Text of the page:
So, in my earlier blog post, Delving into the microcosm I covered some of the primary reasons why we have always been interested in testing micro-organisms in space. We, as humans, have always had a keen interest in their response to space conditions and this has become a possibility the day we figured out space travel! 

‘One small step for a man, a giant leap for mankind’ – Neil Armstrong

Said by one of the famous astronauts in the world and for good reason, because our ability to go out into space just goes to show how far we have come as a species. But have you ever thought about HOW we carry out these experiments in space? Well, you’re about to find out.

First, we need to understand what kind of conditions we are trying to simulate. For starters, we need to consider the absence of gravity or rather the presence of ‘micro-gravity’. The presence of a small amount of gravity is not the only thing to consider in this case. We also have to include the presence of high amounts of harmful UV radiation, below normal temperature, excessive pressure, and the upper atmosphere’s gaseous composition as well, all make it difficult to sustain life.

  • Gravity: This is one of the primary factors that is thought of prior to any of the experiments. Some of the initial studies in space microbiology have observed that there are significant changes in the behavior of bacterial cells when exposed to zero-gravity conditions. Most of them show a reduced lag phase (getting used to their environment prior to division), increased cell concentration, and mostly abnormal growth behavior. 
  • Temperature: The upper boundary of our atmosphere helps in the regulation of the temperature inside Earth but when we leave the earth’s atmosphere, the temperature drops drastically. This is also taken into account while testing microorganisms.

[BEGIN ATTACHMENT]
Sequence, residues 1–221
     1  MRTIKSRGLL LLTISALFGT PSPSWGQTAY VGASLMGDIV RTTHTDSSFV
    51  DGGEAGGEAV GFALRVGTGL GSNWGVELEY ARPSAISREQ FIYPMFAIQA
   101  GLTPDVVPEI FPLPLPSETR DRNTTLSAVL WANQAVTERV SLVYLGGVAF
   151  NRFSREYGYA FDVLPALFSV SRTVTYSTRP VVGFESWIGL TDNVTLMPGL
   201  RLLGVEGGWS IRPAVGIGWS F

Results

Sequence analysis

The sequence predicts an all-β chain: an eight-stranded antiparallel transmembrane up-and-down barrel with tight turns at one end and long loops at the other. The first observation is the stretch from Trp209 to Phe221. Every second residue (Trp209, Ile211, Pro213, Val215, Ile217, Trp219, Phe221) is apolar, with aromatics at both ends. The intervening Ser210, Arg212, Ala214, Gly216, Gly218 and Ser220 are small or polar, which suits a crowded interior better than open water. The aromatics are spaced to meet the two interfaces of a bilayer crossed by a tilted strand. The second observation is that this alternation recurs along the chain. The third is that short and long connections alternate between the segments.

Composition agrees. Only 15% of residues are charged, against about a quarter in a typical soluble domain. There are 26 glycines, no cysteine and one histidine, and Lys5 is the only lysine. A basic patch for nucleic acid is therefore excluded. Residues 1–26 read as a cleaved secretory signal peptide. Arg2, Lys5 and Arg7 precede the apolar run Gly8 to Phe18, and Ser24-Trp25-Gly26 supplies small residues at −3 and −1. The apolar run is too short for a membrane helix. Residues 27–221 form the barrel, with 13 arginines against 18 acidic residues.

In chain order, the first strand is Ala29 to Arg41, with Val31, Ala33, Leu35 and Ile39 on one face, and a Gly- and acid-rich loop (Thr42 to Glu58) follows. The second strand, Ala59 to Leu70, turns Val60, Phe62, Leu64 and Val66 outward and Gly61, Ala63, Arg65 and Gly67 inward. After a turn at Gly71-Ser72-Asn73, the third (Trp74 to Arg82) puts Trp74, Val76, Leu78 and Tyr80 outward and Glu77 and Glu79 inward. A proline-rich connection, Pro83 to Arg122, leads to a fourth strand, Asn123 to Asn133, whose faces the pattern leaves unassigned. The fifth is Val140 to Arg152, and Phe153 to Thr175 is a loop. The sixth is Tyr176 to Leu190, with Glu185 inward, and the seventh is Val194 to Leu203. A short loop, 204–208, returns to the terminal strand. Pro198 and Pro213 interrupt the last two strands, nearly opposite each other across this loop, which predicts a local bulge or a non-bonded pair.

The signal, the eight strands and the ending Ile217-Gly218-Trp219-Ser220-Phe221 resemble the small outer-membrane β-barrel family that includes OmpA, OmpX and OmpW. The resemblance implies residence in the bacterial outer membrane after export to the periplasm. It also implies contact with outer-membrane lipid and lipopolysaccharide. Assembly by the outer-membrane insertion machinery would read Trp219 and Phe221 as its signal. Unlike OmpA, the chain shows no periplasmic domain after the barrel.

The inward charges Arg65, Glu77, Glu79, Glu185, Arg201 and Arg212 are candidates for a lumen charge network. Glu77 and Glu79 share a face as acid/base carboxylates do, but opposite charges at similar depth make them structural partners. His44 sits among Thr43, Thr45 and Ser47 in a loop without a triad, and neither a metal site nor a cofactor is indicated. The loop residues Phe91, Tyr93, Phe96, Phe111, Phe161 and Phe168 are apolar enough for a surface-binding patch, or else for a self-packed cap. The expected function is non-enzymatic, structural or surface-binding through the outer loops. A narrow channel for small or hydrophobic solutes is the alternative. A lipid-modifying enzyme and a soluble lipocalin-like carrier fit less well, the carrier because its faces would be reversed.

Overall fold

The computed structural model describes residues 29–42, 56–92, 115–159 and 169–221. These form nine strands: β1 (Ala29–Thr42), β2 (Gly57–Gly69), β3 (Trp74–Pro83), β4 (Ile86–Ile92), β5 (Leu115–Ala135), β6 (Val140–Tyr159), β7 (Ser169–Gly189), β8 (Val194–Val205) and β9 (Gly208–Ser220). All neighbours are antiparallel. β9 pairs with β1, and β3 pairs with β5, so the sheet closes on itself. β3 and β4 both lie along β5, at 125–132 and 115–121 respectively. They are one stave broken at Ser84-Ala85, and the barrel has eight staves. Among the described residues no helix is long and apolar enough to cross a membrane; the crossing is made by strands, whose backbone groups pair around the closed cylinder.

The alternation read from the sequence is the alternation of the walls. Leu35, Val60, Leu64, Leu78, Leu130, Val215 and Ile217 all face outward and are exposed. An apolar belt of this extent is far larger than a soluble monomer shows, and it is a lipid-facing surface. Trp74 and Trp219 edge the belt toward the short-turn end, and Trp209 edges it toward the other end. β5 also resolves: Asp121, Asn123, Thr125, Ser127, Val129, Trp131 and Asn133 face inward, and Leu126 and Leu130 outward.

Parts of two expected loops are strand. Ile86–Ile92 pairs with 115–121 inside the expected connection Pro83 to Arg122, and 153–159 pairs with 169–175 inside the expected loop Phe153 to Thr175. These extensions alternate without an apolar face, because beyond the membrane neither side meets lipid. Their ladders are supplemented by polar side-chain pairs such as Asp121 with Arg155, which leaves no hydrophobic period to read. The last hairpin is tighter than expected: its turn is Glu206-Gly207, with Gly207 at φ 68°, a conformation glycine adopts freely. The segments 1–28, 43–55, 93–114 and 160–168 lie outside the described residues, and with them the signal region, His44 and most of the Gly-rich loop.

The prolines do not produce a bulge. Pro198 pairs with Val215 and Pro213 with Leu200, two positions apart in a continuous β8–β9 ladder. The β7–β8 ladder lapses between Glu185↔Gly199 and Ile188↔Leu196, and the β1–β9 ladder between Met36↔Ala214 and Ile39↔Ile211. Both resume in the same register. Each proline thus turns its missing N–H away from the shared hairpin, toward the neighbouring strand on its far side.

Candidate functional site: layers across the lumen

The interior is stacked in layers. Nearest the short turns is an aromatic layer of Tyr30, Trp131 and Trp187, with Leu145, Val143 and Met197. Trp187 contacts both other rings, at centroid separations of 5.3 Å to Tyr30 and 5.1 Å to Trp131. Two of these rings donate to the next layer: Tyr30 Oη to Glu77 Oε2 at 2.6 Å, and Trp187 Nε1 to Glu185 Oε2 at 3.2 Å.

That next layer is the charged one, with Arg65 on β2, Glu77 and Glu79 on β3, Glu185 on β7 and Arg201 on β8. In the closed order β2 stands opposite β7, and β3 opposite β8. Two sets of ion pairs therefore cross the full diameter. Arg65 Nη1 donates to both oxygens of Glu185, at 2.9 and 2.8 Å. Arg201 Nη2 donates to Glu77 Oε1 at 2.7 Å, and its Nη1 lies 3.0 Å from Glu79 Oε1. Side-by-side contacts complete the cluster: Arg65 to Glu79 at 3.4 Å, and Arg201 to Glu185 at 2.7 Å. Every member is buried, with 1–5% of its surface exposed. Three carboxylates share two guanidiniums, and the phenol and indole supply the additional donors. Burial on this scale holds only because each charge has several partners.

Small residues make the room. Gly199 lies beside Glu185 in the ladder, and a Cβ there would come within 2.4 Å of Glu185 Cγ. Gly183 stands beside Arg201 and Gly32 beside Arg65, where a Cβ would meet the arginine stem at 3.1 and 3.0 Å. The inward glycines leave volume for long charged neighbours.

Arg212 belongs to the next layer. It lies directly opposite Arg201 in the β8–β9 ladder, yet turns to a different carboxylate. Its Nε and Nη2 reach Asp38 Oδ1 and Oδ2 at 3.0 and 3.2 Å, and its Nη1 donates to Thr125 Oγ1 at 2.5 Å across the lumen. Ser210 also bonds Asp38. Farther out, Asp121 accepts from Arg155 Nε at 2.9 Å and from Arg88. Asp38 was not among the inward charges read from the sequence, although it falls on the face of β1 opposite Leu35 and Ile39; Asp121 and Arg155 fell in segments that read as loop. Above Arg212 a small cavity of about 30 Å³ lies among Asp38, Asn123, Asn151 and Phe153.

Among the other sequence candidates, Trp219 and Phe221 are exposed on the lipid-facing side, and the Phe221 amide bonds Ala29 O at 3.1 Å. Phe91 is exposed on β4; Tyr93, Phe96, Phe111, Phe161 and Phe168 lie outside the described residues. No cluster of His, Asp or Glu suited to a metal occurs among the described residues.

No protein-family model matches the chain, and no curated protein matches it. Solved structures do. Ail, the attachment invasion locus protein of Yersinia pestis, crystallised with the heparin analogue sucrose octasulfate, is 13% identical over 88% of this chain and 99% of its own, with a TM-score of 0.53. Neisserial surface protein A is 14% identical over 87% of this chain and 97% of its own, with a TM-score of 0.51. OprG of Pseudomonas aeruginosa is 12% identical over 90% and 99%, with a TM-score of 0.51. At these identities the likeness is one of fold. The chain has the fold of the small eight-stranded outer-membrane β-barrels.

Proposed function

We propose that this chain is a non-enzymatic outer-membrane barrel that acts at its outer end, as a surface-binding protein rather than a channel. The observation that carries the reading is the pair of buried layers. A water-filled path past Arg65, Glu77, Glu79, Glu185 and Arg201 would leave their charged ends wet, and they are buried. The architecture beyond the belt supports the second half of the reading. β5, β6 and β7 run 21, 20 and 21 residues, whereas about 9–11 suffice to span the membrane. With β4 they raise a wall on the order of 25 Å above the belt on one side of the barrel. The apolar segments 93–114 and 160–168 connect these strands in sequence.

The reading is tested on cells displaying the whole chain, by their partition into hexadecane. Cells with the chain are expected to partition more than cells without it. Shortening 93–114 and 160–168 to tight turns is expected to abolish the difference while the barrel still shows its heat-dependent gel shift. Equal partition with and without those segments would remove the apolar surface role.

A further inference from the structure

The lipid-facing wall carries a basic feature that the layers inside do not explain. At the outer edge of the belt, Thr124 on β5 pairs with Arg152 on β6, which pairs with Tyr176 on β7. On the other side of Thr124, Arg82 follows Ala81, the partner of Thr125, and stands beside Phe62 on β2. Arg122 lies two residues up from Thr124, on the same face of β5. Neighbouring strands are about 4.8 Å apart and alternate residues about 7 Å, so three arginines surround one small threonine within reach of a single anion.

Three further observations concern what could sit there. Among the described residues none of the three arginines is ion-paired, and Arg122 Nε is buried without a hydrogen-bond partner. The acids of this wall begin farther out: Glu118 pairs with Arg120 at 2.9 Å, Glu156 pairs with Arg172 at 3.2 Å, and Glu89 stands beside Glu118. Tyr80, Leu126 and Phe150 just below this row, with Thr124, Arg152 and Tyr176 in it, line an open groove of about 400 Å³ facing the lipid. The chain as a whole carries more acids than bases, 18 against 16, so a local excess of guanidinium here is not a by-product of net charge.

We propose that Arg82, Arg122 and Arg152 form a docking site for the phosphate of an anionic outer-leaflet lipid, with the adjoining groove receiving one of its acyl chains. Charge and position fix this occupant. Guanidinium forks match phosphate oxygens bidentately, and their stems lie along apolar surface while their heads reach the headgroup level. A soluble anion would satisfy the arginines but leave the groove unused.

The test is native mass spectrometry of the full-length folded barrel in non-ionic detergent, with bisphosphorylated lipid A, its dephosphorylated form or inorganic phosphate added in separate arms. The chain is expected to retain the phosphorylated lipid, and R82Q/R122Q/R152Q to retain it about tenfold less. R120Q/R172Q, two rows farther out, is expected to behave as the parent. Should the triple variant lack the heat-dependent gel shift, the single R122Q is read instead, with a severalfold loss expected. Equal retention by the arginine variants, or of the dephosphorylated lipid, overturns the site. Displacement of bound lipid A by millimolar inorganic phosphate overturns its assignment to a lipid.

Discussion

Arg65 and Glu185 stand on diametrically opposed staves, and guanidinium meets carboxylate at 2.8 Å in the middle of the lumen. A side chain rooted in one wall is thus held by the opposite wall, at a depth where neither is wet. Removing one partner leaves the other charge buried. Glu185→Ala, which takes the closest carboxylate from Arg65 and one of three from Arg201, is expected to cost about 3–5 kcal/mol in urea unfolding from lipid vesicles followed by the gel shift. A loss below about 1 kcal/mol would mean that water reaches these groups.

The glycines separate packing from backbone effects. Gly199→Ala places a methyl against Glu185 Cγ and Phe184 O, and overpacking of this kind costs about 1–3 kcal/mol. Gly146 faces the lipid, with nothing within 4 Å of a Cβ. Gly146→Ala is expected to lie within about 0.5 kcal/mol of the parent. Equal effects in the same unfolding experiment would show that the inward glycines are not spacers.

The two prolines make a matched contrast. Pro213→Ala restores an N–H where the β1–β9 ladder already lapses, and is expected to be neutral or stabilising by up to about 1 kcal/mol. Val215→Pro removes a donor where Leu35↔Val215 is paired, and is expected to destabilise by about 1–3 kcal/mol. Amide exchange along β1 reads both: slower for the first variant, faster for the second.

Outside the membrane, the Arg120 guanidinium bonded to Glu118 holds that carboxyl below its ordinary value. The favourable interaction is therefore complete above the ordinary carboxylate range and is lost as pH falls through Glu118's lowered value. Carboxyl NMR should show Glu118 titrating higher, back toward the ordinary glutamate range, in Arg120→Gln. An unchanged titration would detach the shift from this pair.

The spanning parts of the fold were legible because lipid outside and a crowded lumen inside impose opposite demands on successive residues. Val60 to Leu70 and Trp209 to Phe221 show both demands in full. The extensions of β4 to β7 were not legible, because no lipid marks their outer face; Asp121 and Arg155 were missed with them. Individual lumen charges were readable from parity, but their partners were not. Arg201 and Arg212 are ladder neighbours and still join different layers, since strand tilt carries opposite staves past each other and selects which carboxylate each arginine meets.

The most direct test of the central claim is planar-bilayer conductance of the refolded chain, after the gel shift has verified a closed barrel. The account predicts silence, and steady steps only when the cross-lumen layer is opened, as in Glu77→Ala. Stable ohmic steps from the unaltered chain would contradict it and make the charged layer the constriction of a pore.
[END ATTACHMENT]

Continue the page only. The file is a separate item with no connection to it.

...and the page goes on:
• Radiation: Many experiments have been conducted to see how microorganisms respond to radiation through the absorption and excitation of electrons. This in turn interacts with cellular matter at the atomic levels such as nucleic acids and proteins, and these studies are known as microdosimetric studies. 
  • Pressure: The space environment has extreme pressure levels going right down to 10-7 pascals and has mostly molecular oxygen and nitrogen. The reason this needs to be taken into account is that vacuum desiccation (a phenomenon where the materials vaporizes due to negative pressure) tends to destroy biological samples. 
Bio lab used inside space shuttles
Credit: European Science Agency

What facilities would we need to experiment in space?
  1. A bio lab (obviously!): These units have an incubator, microscope, spectrophotometer, freezer units, and centrifuges (to simulate the effect of gravity). Basically, they help in carrying out any biological experiments within one module of the space shuttle. 
  2. Bioculture (BIOS): This is an advanced culturing system where they can culture microbial and mammalian cells to study host-pathogen interactions in space! The advantage here is that different conditions can be simulated in this environment and their effects can be observed.
  3. Image processing units: These units tend to receive any images and download them onto the server for future processing. All the images are taken with a light microscopy module that is fixed in the experimental module and it can take high-resolution pictures of all the experimental samples.
These are the key modules that are required to test in space but there are additional modules such as elements that regulate the different conditions such as cooling, sterilization, power, data communications, etc. 

Hope you’ve liked this insight into what goes into testing in space and what scientists need to account for!


Dey, D. (2019). Space Microbiology: Modern Research and Advantages for Human Colonization on Mars. International Journal for Research in Applied Sciences and Biotechnology6. doi: 10.31033/ijrasb.6.4.2

Horneck, G., Klaus, D. M., & Mancinelli, R. L. (2010). Space microbiology. Microbiology and Molecular Biology Reviews74(1), 121-156. doi: 10.1128/MMBR.00016-09

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